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Considering Retirement in a Pocket Neighborhood?

Category: Retirement Real Estate

Updated March, 2022 (originally September 28, 2016) — This website absolutely gets so many great article ideas from our Members and visitors. A perfect illustration was the suggestion which we had from 2 different members, huntley61 and janeAnn, to explore the idea of retiring in a pocket community. Thanks to all!

What is a Pocket Neighborhood?
The most common characteristic of a pocket neighborhood is a small group of homes and other type residences sharing a common, open space area. That space might be for gardens, pedestrian walkways, shared yards, or something else. The idea is to promote a close knit sense of community and neighborliness with an increased level of contact. Instead of a sterile parking lot as a common area, these usable public spaces belong to everyone who lives in that neighborhood. While the name and the communities are new, the idea is old and traditional – villages and city neighborhoods in Europe and New England (think homes clustered along the green) have had the same thing going for centuries. Pocket neighborhoods exist in a variety of environments – rural, in cities, or even the suburbs. Another aspect of pocket neighborhoods is that they are small scale – maybe 12 homes max (although many pocket neighborhoods might be linked together by walkways). Homes are usually smaller and closer together than in existing towns and suburbs. The movement is in some ways an extension of residential cluster housing, where a group of homes might be built on fairly large piece of property, but the homes are close together to create large common spaces.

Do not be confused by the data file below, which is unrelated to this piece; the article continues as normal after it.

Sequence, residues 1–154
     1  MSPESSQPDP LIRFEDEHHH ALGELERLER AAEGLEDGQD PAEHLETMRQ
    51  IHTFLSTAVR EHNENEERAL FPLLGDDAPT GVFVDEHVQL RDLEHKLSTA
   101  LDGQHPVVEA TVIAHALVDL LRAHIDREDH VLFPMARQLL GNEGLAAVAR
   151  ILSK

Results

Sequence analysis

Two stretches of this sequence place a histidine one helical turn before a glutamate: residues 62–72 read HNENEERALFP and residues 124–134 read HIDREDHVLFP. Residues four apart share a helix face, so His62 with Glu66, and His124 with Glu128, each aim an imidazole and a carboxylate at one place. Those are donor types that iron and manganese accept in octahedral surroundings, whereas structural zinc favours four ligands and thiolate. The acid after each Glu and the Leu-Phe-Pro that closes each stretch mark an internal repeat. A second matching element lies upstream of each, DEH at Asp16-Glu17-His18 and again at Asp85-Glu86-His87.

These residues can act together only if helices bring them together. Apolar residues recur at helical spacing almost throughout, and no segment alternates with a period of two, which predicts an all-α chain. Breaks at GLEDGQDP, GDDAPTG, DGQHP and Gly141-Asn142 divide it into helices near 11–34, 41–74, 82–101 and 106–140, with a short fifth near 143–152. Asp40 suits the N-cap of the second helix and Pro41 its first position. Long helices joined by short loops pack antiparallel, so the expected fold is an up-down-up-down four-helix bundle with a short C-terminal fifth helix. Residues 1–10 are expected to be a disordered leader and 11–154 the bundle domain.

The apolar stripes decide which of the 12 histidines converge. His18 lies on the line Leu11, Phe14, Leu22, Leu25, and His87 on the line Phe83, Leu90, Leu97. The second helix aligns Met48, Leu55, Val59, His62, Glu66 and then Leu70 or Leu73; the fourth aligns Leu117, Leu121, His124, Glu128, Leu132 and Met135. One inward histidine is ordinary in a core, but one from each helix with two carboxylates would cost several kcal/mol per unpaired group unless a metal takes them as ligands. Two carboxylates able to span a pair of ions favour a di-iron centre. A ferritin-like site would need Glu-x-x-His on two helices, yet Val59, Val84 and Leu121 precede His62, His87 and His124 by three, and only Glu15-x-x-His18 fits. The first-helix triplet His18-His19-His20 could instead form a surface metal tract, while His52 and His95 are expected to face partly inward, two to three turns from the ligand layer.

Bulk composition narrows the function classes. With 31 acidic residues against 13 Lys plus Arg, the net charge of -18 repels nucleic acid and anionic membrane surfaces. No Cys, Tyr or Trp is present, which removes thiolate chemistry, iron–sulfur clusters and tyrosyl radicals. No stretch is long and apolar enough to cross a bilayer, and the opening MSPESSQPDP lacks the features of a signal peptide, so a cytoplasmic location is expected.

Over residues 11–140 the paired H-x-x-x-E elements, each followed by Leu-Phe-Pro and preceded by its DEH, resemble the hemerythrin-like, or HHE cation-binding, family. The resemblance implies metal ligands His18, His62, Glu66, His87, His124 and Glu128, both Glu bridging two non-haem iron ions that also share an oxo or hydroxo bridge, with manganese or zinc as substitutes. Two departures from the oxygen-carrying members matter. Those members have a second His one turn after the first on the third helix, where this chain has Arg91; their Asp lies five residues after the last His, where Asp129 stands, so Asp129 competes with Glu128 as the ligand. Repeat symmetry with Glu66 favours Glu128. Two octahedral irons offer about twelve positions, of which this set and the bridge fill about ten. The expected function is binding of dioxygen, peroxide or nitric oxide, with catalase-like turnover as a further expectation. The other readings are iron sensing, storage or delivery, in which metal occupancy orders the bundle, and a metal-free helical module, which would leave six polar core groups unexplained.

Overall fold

Are pocket neighborhoods good for retirement and those 55+?
While we are aware of only a few pocket neighborhoods built expressly for those 55+, many baby boomers are interested enough in the idea to move into one. One attraction is the idea of living next to and relating to people of all ages, not just older people. In these shared settings neighbors get to know one another; children learn to appreciate their empty nester or single neighbors, families enjoy people of all ages, and retirees feel like they have not been put in a ghetto. One possibility for retirement is the idea of building your own pocket neighborhood with like-minded friends. Zoning issues can be difficult, but not impossible. But the idea of shared resources and known neighbors might make that effort worth it (see Cohousing).